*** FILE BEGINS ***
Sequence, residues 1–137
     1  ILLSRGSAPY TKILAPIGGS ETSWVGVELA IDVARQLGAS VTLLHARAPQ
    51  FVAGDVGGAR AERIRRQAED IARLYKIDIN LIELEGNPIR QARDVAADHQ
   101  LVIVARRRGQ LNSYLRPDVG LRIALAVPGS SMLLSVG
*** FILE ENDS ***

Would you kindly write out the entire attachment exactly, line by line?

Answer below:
Sequence, residues 1–137
     1  ILLSRGSAPY TKILAPIGGS ETSWVGVELA IDVARQLGAS VTLLHARAPQ
    51  FVAGDVGGAR AERIRRQAED IARLYKIDIN LIELEGNPIR QARDVAADHQ
   101  LVIVARRRGQ LNSYLRPDVG LRIALAVPGS SMLLSVG